January is a month when a lot of bills come in. The Spanish phrase is ‘La cuesta de enero” – The January uphill struggle. Or, if you like, The January hump. Either way, not a good time for the electricity company to move from billing every two months to every month. But, hey, it’s a monopoly so why worry about customers’ concerns? What’s the point of having captive customers, if you can’t take advantage of them? Maybe it looked like a good idea when energy prices were soaring but the government was forcing you to keep you price increases minimal. But it looks very mean-spirited now.

Gordon Brown is said to have a hand tremor. This is a side-effect of lithium, an old-fashioned remedy for depression, still used when nothing else works. So, is this the reason for his increasingly bizarre performance? And are the odds on him topping himself reducing? Which is not a nice question. But, then, neither is How deep will the British depression be? Or, How much more is going to be lopped off my pension by currency devaluation?

To cheer myself up, I took a look at this video of a bear-skinned British guardsman clouting a Bulgarian kid imitating his marching up and down. Amusing but I suspect it’s a hoax.

Friday, January 23, 2009

The British economy is now is such a parlous state I wonder how long it will be before there are calls for a ‘national’ government, comprising at least the two main parties. This would present the Conservative opposition with something of a dilemma, I suspect. They’d not want to be seen as ‘unpatriotic’ in resisting this but, less than two years away from a general election, neither would they want to be drawn into copping some of the blame for the mistakes of the last decade and the next twelve months. If it ever happens, it will be fascinating to watch.

Meanwhile, the pound continues its downwards progress from a mere ‘competitive devaluation’ to a full-blown run on the currency. For an insight into the reasons why, click here.

In the Byzantine world of Spanish regional-national politics, something deeply odd is taking place in the Madrid Autonomous Community. The President of the latter – who seems to be at constant war with the same-party mayor of Madrid city – is now accused of setting up a special service to spy on one of her same-party colleagues who wasn’t doing her bidding around political control of the regional savings bank, Caja Madrid. At least, I think that’s the situation but you’d need a degree in Spanish politics to really understand it all. Anyway, the hapless President of the right-of-centre PP party – there are a lot of presidents in Spain – has now initiated an investigation into the claims about the behaviour of the Madrid region president. With whom there’ve been sharp clashes in the past. This may be unfair but, taken with the fact that Spain’s judges are about to go on strike, this rather gives the impression that neither government nor opposition are doing their jobs and that no one in this fun-loving country is terribly concerned about its serious economic plight. Perhaps they all think that the EU 7th cavalry will always be there to ride to the rescue. I mean, if France and Germany can bend the rules and remain good members, why not Spain?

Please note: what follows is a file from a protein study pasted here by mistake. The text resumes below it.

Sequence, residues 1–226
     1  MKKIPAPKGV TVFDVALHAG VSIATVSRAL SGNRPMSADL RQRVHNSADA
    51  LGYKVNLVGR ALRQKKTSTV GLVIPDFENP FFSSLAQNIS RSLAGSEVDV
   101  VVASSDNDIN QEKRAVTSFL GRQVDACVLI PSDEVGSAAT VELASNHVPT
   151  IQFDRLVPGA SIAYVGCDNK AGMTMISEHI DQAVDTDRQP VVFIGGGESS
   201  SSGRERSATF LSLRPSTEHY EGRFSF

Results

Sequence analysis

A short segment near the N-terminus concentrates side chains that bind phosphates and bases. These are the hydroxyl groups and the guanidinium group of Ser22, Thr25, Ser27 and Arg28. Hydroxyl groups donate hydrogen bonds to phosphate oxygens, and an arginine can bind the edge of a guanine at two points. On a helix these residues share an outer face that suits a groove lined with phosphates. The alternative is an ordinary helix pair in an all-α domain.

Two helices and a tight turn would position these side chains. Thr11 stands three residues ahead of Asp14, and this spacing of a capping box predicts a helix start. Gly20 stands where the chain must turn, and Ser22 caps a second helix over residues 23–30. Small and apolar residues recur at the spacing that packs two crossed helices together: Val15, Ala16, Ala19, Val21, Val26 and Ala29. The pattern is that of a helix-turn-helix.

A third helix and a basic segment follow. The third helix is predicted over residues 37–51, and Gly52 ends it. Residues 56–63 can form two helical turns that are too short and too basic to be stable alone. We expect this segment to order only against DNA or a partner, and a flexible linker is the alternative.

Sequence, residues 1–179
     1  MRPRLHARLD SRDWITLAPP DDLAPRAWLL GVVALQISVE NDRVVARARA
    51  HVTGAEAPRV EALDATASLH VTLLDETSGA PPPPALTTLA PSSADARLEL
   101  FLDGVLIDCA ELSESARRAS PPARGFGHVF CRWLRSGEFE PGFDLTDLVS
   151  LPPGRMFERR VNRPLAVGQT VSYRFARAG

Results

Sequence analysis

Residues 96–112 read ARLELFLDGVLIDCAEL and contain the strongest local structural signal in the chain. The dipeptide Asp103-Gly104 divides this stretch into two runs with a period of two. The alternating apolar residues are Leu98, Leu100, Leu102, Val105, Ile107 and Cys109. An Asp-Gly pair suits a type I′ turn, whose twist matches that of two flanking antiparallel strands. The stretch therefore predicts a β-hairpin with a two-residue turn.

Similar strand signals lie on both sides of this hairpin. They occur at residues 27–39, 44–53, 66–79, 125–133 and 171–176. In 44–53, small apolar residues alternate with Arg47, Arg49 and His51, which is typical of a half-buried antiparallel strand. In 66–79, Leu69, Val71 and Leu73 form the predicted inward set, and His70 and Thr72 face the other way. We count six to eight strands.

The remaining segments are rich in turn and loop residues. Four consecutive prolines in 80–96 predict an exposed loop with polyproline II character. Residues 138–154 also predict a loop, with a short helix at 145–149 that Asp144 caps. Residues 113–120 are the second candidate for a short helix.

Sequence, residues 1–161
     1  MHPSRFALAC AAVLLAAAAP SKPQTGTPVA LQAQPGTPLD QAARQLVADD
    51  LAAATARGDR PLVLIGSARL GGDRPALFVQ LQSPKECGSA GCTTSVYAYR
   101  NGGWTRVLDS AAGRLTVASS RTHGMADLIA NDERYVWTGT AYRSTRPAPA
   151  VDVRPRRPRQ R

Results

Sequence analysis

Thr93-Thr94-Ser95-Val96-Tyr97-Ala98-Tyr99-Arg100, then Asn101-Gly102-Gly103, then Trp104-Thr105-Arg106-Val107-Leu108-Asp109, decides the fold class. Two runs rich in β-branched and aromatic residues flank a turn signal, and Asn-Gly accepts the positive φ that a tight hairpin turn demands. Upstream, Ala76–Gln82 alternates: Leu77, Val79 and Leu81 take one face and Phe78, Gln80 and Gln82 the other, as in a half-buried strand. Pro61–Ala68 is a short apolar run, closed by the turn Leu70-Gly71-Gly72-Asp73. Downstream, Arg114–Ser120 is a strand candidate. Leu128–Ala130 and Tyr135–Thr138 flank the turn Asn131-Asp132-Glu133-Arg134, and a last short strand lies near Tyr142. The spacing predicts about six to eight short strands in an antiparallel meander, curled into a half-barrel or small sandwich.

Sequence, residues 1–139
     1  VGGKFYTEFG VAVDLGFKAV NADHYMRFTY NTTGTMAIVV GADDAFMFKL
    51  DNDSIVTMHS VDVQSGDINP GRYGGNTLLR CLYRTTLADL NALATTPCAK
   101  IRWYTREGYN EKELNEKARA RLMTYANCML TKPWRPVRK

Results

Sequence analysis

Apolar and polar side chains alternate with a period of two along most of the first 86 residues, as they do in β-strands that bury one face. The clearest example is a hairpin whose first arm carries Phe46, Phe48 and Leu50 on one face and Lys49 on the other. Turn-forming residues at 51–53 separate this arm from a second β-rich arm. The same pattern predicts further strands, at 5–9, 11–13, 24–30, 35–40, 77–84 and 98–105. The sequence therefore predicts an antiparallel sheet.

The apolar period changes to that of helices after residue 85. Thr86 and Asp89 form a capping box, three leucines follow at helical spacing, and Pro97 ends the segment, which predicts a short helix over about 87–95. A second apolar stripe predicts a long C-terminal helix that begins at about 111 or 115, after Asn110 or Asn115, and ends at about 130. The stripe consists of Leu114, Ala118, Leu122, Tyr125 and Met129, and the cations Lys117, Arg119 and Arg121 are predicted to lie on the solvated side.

And, of course, the Spanish might be right. This article endorses reader Moscow’s view that exit of the EU would be extremely difficult, if not downright impossible. As the author says, “The costs imposed on country leaving the euro would be overwhelming. The markets would take fright and demand a far higher premium for holding the government's debts.” However, the writer adds the rider that “If the situation continues to worsen, electorates may ultimately demand nothing less.” This, of course, is because they don’t understand economics. But are very aware that economic expertise didn’t prevent the current global malaise. And that for every economic forecast, there’s at least another one round the corner. Then there’s the credibility of politicians. About which it’s probably best to say little.

A man from Barcelona is suing his British employer for racial discrimination, claiming his boss poked fun at him using quotations from Fawlty Towers. American readers might find it strange to see the word ‘race’ used for discrete European peoples but it’s certainly possible, I believe, for an Irishman to win a case in the British courts based on the telling of traditional scurrilous English jokes about their neighbours. Though I’m not sure a Belgian would succeed in a French court. Or a Canadian in either a French or an American court.

It comes to something when an Italian newspaper openly claims your country is happily harbouring its most corrupt nationals. But, sadly, La Repubblica says a large part of the construction along the Costa del Sol was carried out, with the full knowledge of local politicians, by companies linked to the mafia. Allegedly, Spain is the favoured destination of the Naples Camorra because it is a ‘more tolerant state, not afflicted by homicides or anti-mafia vigilance’. Or, as the paper puts it, ‘An Eden for organised crime.’ So, not much change since Noel Coward labelled the Costa del Sol ‘A sunny place for shady people’. Except he didn’t. It was the Riviera he was talking about. But he could have done.

Thursday, January 22, 2009

Second post of the day . . .

The Duchess of Alba is said to be the richest woman in Spain. She’s in her eighties and has had enough expensive cosmetic surgery to leave her with a characteristic perma-stare. Though what accounts for her odd voice, God alone knows. Anyway, she’s upset her children by taking up with a man who, though considerably her junior, loves her deeply for what she is. I mention all this because I’ve read that she’s just been in for a bit of brain surgery and I’m wondering whether she knew anything about it.